I was determined that I had to find a way to save my child from such a fate. I had to find the way to transcend and break the cycle so that my daughter could be free. I did not know how but finally when the TRC came along, I was so pleased. It was going to help me climb the mountain to a place of rest where I could just look down and accept that this was part of my life but that I have gone b eyond it now.
I believed then that telling my story at the TRC set me free. I had come to a resting place on the mountain and I could heave a sigh of relief.
Over time without my knowing I discovered that I moved from a place of rest and started slipping towards the pit. As I slid down I collapsed and could not get up again. For a year in 2001, 21 years after my first detention, I finally got the psychiatric care that I should have gotten. In the years that followed I could climb the mountain again in a state of transcendence.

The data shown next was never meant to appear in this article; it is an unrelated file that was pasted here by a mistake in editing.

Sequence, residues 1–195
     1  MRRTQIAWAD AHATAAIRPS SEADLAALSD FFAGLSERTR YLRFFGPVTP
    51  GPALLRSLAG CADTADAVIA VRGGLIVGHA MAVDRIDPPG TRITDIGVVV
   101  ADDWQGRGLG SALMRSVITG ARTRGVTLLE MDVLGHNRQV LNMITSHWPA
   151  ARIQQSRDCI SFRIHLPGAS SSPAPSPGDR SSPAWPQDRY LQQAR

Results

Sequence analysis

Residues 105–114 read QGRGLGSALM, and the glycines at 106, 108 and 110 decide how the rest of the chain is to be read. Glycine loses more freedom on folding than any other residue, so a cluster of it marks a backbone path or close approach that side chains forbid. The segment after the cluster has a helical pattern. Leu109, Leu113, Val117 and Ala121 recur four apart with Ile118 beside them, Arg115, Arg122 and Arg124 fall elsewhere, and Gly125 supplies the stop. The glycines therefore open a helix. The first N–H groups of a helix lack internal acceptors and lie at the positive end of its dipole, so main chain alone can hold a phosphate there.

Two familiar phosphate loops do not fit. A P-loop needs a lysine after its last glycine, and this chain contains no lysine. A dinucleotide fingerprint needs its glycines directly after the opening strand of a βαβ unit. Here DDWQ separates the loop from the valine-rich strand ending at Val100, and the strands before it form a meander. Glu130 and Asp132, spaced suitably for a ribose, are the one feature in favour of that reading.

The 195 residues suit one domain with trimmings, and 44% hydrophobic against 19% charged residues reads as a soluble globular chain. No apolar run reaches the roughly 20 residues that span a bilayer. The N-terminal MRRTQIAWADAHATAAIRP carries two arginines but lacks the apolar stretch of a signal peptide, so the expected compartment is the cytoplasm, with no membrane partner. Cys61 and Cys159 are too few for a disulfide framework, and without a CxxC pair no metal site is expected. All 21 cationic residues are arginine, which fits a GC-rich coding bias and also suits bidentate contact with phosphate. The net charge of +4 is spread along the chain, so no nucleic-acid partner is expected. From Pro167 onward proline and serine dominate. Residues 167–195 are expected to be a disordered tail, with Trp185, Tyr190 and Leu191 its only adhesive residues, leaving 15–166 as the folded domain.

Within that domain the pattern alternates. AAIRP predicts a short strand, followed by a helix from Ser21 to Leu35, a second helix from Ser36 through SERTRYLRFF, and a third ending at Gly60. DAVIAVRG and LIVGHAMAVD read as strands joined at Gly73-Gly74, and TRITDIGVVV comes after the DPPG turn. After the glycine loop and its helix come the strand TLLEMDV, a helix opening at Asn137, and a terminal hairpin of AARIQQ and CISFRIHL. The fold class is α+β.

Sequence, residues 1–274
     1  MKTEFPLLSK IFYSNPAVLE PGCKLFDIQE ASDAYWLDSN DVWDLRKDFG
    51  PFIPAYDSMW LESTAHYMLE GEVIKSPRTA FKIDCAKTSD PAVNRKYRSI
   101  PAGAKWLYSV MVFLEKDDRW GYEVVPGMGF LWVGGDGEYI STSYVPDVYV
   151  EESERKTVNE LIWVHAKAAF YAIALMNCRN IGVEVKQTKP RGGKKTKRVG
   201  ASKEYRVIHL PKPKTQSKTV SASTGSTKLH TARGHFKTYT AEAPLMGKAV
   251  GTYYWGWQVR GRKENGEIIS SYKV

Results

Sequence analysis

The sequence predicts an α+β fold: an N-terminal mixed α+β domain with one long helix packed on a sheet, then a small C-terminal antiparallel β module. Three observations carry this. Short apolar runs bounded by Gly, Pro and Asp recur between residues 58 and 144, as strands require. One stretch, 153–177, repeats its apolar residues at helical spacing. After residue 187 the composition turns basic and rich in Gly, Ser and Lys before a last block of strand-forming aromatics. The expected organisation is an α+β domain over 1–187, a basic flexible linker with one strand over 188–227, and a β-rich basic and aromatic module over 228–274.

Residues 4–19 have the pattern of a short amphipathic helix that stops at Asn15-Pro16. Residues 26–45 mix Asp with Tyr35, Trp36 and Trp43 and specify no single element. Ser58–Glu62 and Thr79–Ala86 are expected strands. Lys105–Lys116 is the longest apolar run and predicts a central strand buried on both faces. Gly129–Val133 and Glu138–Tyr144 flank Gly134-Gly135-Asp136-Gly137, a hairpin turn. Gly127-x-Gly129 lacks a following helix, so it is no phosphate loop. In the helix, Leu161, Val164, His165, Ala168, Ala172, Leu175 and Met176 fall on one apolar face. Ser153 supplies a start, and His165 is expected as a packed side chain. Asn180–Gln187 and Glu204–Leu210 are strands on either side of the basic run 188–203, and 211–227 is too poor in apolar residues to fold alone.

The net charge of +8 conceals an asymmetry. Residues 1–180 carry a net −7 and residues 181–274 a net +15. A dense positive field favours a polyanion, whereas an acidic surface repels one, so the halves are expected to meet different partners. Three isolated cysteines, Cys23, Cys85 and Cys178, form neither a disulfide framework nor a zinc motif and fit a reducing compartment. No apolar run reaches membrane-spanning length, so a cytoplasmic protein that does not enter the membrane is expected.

Last year my daughter’s father died and I unraveled, remembering vividly what we had lived through.
I realized then that I will always live with these memories and from time to time they will come back strongly. For me it will be a constant effort to find a way to that protective place on the mountain where I can be an observer of the objects that have made up my life. But for now the journey is focused on finding a way to truly transcend so that I will stop burdening my daughter and break the cycle of trauma. Until her father died I was essentially trying to do this by myself. Now I realize that grace lies in the interaction between the two of us over the coming months.
We are in conversation trying to make sense of how we have coped over the years. The most difficult moment came recently when she told me: “Mom, you went through so much as an adult. You must remember that I went through all this next to you as a child.”
I pray that we will both be strong enough for ourselves and our peace of mind but also to grow strong enough to tug at the rope down in the pit that is bringing people to the surface.